Thank you very much for your kind comment, and I appreciate your great contribution of UMI-tools. I'm sorry I didn't make it clear enough, but, actually, I'm trying to analyze DNA damage accumulation by BLISS (https://www.nature.com/articles/ncomms15058), so I can't use featureCounts to assign each read to a gene. Closely looking at the data deposited by the authors, I found several reads with the same UMI mapped to the adjacent positions. Some of the sequences might be lost during preparation of the reads by in situ transcription, reverse transcription or PCR processes, but the detail is not clear. Because we want to focus the effects of the DNA damages, so the position and the exact number of the reads matter.

ADD REPLYlink written 22 months ago by tatsuomano20

You should check whether, where you see cases of reads mapping to adjacent bases with the same UMI, the reads mapping to one location are soft-clipped - that is the actual start of the read is at the same base, even if the mapping co-ordinate given in the BAM file is different.

ADD REPLYlink written 22 months ago by i.sudbery9.8k
1

Sorry for late reply. Your advice worked greatly. As your pointed out, soft-clipping is the cause of mapping shifts with the same UMI. Thank you!

ADD REPLYlink written 22 months ago by tatsuomano20

Sorry, I know this thread has ended a while ago. But I am actually very curious about your statement "However, this enrichment disappears when expression levels are accounted for". I have checked your notebook. The final plot, correct me if I am wrong which I believe is the one account for expression levels, still shows ~ 3% increase in the fraction of intersecting UMIs in the +1,-1 positions compared to remote positions. Are there other caveats that I haven't understand or you haven't explicitly said?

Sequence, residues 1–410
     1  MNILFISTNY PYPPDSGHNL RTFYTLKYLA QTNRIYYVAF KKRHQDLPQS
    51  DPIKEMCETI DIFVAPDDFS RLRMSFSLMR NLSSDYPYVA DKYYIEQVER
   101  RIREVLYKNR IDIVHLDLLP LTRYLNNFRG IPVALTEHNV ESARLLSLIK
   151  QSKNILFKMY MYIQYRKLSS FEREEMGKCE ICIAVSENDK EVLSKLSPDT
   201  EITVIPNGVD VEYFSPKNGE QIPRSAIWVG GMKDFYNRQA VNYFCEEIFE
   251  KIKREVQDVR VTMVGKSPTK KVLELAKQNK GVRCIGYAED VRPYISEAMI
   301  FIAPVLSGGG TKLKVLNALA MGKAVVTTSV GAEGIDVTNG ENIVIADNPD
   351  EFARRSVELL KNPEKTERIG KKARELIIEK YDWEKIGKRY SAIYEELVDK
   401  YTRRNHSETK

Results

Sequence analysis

We are working on the liquid biopsy space which heavily relies on UMI for DNA error correction and we have super high depth, sometimes > 100k. Also because we use pair-end read. It is more likely to have 3' end mapping shift since the sequence quality of the 3'end of the reads drops significantly. I have seen fairly a lot of "spillovers" where a small UMI group that are +1,-1 mapping shift from a large group has the exactly same UMI as a large UMI group, just like the UMI error created a small group. I really like this analysis you have done in this notebook. I probably should try it on our data.

ADD REPLYlink modified 4 weeks ago • written 4 weeks ago by Ruolin Liu0
1

So there IS an increase in the fraction of intersecting UMIs in the +1 and -1 positions. But that enrichment is also present in the null distribution, which is what suggests its an artifact driven by the fact that position super high coverage positions are likely to be close to other super-high coverage positions, and two high coverage positions are likely to share a portion of their UMIs by chance.

Now in DNA sequencing I don't know if its true to assume that one high coverage position is likely to be adjacent to another, so I recommend you do do the analysis for your self. However, you need to make sure you account for clipping - that is, if the pos is say 100, but the CIGAR is 1S99M, we usually regard the read mapping location as 95, not 100, as we think a sequencing error at the first base is the most likely explaination.

ADD REPLYlink written 4 weeks ago by i.sudbery9.8k